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Photoshop has become an indispensible tool for photographers, designers, and all other creative professionals, as well as students. Photoshop CS4 Essential Training teaches a broad spectrum of core skills that are common to many creative fields: working with layers and selections; adjusting, manipulating, and retouching photos; painting; adding text; automating; preparing files for output; and more. Instructor Jan Kabili demonstrates established techniques as well as those made possible by some of the new features unique to Photoshop CS4. This course is indispensable to those who are new to the application, just learning this version, or expanding their skills. Example files accompany the course.
There is a brand-new panel in Photoshop CS4 called the Masks panel. You can use this panel to help you to create masks, to refine their edges and to control the density or the strength of the mask on an image. You can use the Masks panel with any kind of mask, a layer mask, a vector mask, but where it really shines is when you're using it with an adjustment layer mask to limit the area where the adjustment shows up in your image. I introduced this subject in an earlier movie. Now I want to add this additional piece, which is using the Masks panel with adjustment layer masks.
Take a look at this photo. It's a typical backlit photo. I shot it into the sun, so the camera exposed for the sky and now the foreground needs some tonal adjustments. It needs some whites, some blacks and a range of grays in between. But the background is probably okay as-is. So what I am going to want to do is apply a Levels adjustment layer to this image but prevent that adjustment from affecting the sky. I am going be using a Levels adjustment but the techniques I will show you using the Masks panel work with any adjustment layer.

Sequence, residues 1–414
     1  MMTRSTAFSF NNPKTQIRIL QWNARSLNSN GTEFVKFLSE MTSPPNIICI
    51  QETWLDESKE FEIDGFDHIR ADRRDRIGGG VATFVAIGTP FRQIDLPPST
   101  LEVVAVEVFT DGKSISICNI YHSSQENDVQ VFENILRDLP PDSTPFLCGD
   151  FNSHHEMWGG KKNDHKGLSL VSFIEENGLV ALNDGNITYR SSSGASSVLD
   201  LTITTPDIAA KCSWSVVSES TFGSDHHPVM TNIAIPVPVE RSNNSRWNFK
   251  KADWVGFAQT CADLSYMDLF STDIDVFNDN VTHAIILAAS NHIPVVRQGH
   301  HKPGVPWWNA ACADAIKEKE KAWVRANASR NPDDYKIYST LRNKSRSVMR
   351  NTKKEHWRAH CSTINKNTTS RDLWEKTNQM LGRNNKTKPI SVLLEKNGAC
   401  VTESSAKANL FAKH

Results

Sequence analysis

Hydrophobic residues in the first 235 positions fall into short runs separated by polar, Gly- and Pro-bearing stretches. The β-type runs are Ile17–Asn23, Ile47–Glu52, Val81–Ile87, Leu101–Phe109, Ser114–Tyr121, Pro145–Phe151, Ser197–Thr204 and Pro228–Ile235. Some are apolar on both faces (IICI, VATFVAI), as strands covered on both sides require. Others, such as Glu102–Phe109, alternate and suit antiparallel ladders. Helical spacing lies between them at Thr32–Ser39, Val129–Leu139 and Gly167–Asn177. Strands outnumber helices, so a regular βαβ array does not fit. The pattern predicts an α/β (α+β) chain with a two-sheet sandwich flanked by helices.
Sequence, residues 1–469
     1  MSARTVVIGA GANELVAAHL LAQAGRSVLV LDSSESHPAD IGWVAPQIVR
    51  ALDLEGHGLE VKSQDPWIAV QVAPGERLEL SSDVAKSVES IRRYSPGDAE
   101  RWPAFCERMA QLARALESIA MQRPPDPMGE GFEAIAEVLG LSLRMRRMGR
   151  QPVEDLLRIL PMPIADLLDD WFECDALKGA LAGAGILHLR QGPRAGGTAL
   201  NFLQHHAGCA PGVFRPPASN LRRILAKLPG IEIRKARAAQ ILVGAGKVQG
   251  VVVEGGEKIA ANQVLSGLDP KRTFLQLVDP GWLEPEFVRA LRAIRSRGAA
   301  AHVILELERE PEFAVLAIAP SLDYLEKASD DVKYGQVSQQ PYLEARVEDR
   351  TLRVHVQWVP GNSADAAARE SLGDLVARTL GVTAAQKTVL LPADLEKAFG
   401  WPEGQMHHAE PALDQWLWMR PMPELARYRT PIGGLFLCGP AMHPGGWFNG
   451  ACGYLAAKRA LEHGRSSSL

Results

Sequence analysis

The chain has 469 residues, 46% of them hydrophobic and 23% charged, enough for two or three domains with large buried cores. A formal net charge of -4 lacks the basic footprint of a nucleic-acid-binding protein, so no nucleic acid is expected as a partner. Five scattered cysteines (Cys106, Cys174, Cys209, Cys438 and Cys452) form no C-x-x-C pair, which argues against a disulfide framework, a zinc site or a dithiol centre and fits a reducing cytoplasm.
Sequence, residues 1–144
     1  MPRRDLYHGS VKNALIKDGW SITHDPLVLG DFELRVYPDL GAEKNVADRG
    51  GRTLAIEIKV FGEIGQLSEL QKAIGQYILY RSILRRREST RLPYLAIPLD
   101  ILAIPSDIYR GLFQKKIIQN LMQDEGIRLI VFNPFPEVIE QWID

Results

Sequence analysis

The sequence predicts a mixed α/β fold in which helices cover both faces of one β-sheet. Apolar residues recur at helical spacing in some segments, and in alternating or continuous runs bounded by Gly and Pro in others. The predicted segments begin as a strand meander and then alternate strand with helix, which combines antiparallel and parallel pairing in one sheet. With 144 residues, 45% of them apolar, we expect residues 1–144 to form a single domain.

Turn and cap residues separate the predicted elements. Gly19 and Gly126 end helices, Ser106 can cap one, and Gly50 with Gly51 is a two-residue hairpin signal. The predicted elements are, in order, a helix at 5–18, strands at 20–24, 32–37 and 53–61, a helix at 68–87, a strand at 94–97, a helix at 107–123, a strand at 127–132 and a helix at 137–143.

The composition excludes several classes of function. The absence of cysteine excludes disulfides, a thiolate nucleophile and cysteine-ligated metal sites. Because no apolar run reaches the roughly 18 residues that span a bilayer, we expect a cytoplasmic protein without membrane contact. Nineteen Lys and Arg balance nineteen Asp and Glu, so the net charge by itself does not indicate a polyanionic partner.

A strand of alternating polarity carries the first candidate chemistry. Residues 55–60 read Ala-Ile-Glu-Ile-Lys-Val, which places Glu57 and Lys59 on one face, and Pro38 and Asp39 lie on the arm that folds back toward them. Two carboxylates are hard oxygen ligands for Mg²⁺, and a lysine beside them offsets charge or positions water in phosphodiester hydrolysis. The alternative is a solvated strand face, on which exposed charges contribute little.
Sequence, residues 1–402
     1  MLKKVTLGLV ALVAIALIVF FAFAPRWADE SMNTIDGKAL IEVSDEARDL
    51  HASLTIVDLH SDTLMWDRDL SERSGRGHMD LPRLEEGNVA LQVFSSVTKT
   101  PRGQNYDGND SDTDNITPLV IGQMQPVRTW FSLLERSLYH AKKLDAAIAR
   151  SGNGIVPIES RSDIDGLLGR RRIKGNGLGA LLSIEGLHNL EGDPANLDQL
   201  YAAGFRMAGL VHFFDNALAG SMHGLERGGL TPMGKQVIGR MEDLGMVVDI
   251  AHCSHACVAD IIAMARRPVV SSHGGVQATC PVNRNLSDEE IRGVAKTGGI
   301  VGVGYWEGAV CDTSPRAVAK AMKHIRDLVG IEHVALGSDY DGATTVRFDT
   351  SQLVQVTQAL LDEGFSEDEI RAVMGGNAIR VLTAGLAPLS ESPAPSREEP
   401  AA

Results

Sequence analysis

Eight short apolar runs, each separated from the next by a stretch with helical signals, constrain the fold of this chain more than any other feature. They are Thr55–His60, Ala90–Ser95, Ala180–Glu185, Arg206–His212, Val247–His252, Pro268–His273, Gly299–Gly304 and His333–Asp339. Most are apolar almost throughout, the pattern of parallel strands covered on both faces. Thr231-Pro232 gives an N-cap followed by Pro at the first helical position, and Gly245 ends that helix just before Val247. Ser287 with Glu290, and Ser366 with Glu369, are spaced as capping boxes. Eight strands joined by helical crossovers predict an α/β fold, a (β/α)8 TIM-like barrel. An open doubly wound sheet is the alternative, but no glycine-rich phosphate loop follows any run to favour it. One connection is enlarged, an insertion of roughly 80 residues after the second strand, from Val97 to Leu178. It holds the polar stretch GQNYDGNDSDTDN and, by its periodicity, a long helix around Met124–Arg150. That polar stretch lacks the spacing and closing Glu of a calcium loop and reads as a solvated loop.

The first step is to create a Levels adjustment layer, so I am going to go back to the Adjustments panel here and from there, I am going to click the Levels icon and then in the Levels Adjustment panel, I'm going to drag the white slider to the left. I will hold down the Option or Alt key so I can see where to stop dragging. Now notice all of these pixels that are showing up are in the sky. I am not really interested in them. I am going to let that blow out completely, and it's when I start to see bits of color in the grass that I am going to stop dragging. I am just adjusting for the foreground right now, and trying to ignore the sky.
Then I will hold Option key down, that's the Alt key on a PC, and click on the black slider and drag it to the right and right away, I start to see some pixels, so I am going to back off a little and release. And then I am going to take the gray slider and I am going to drag the left to make the foreground of the image a little bit brighter. Now it's time to visit the new Masks panel. I am going to click on the Masks tab here, and if your Masks panel isn't open, you can open it from the Window menu at the top of the screen.
The first thing I want to do is to create a masked area that will hide this adjustment from the sky. I can use any of the Selection tools or I could paint with black or make a gradient from black to white on the adjustment layer mask. But here in the Masks panel, I can click the Color Range button and make a mask directly from here. I showed you how to use the Color Range dialog box in another movie. As I showed you there, you used these eyedroppers to select an area. And you can change your Selection Preview down here from this menu.